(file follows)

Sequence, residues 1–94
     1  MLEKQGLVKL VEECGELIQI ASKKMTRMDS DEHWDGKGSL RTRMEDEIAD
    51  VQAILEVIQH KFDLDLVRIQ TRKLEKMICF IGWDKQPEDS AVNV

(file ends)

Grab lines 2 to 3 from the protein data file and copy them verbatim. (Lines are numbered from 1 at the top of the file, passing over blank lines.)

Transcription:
     1  MLEKQGLVKL VEECGELIQI ASKKMTRMDS DEHWDGKGSL RTRMEDEIAD
    51  VQAILEVIQH KFDLDLVRIQ TRKLEKMICF IGWDKQPEDS AVNV